It started with a brew.

Magic 2015 Core Set gives green a lot of new tools (as well as some old tools, repurposed). Chief among the new / new-old tools is Chord of Calling, which gives green decks a substantial level of power and flexibility. In a deck like this GW one, Chord of Calling can help access one of the many sources of card advantage; or a bullet solution to a particular problem.


Our problems this week involve a combination of these two principles: bullet solutions and Chord of Calling access.

How did you do?

Scenario One

So it's game three and we've split the first two with our Jund opponent. He's conveniently drawn some Mana Confluences (but not a lot of mana-mana); as we develop, we Temple of Plenty into a Keening Apparition.

So Keening Apparition... Keep or no?

I set up this week's hypotheticals with some "how to play Ponder" wisdom from my good friend and multiple Grand Prix Top 8 competitor Josh Ravitz; let's see how Celebrity Guest Josh Ravitz Ponders keeping the Keening:

"Perhaps the easiest way to decide on whether or not we want to keep the Keening Apparition presented to us in the first situation is through a simple assessment of roles. This won't be that simple for us to do without knowing what our opponents hand contains, but we can just look at our decklist -- which contains essentially no removal -- and we can theorize about theirs, or use our a priori knowledge of their deck (we saw Doom Blades and Putrefies in game two, remember?) to make the decision. I'm further inclined to think that the two Mana Confluences he has conveniently drawn (convenient for us, naturally) could easily contribute to a blowout victory whereby he cannot even cast his final stabilizing spells because his life total is too low. Of course, in a long drawn out game where we've attempted to play "their game" they will probably find enough mana sources that the Mana Confluences can be set aside to tap friendlier lands.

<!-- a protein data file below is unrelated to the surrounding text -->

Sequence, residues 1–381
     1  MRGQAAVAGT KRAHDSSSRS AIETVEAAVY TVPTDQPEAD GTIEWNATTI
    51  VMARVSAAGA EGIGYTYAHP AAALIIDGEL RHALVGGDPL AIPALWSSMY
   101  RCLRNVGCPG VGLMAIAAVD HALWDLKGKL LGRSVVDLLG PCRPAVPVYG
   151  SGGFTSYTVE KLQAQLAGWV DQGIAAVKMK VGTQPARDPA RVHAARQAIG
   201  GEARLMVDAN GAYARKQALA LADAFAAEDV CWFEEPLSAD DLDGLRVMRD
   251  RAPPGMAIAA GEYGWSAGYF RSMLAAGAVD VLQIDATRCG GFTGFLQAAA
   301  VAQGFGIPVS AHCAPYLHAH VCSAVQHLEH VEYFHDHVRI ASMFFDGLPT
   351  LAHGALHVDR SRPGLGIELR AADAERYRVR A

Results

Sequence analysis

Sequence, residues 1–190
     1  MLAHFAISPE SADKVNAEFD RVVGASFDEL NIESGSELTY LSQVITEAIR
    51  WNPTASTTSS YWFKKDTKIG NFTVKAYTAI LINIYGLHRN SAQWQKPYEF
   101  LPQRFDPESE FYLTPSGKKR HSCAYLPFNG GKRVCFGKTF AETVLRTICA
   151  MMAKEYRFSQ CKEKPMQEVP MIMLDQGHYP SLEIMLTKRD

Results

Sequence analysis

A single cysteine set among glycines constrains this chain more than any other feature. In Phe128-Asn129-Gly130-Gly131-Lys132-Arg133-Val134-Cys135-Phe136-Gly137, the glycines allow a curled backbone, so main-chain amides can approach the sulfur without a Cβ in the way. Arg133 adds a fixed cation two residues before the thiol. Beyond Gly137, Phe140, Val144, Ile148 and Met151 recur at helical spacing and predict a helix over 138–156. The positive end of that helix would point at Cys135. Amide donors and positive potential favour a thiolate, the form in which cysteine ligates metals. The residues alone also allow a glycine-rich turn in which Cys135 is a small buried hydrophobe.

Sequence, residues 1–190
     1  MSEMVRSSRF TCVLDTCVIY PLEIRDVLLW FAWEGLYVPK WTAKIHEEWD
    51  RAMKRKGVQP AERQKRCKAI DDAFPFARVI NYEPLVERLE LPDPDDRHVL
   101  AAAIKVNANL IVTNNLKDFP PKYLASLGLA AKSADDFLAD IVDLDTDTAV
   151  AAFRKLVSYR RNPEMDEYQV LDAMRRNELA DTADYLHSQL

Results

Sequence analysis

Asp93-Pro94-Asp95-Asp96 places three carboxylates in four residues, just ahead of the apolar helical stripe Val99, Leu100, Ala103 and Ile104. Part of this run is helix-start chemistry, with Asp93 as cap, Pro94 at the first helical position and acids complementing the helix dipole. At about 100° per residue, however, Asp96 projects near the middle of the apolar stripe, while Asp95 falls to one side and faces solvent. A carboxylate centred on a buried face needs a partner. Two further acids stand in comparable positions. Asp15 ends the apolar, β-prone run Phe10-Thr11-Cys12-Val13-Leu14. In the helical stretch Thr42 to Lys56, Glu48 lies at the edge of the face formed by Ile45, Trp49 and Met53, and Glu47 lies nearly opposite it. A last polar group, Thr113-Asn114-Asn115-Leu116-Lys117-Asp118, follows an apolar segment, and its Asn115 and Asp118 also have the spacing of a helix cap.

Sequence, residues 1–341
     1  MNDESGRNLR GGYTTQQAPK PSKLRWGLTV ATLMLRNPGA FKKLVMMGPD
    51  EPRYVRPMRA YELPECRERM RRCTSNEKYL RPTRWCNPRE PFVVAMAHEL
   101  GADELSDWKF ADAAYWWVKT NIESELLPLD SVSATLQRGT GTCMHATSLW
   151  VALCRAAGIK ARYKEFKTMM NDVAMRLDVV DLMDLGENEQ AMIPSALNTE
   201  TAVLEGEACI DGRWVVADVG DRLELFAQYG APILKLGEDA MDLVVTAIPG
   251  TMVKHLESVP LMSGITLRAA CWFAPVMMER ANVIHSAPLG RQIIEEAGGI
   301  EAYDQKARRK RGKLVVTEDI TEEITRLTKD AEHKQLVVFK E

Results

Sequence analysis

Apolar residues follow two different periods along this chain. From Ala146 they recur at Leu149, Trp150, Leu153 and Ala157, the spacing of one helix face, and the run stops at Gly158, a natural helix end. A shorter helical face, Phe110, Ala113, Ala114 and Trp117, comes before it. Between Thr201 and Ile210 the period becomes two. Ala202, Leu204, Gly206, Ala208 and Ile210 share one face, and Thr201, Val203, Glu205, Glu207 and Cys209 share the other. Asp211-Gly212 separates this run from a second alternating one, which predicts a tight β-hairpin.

"Another factor to consider is simply the mana curve we are looking at here. From their side, if they have Courser of Kruphix (the target for our would-be Keening Apparition) they'll need to play it instead of Stormbreath Dragon. This is favorable for us, in my opinion; Stormbreath is frightening for us, playing this deck -- as it usually is against Mike's decks, of late. A 2/4 that (maybe?) draws cards and gains one life a turn is not going to Threaten our large creatures or pressure our life total in the long run, and thus I think we can safely ignore this possibility.

"Finally, given our hand, what do we really want? Now this is the tough part. To make the best decision, we need to know what's available and while I don't necessarily agree, it seems that Mike has decided to sideboard this way for the matchup: -2 Ajani, Mentor to Heroes, +1 Banisher Priest, +1 Keening Apparition. (I like taking out Ajani, I just think I'd probably want the extra Scavenging Ooze instead of something else. I digress.) So now we have some new information to consider. First, if our top two cards are both Keening Apparitions (as they could be) and we keep the first one, I think we've effectively lost the game. Instead, if indeed we draw almost anything but a Keening Apparition I think we are pretty favored given the board. Finally, we can be pretty sure that if he had had a Courser of Kruphix he would have deployed it an effort to maximize his mana spending and thus efficiency, which makes me think that not only do we not really want to draw Keening Apparition here, it won't even be good.

"I'd like to take this time to just quickly point that it is dangerous to assign too much value to one particular card (i.e. Keening Apparition) based on one small sample of performance, which can then lead you down a very dangerous path of perhaps incorrectly (as we have done so here) sideboarding!"

Josh Ravitz's Solution - Push the Keening Apparition to the bottom of library.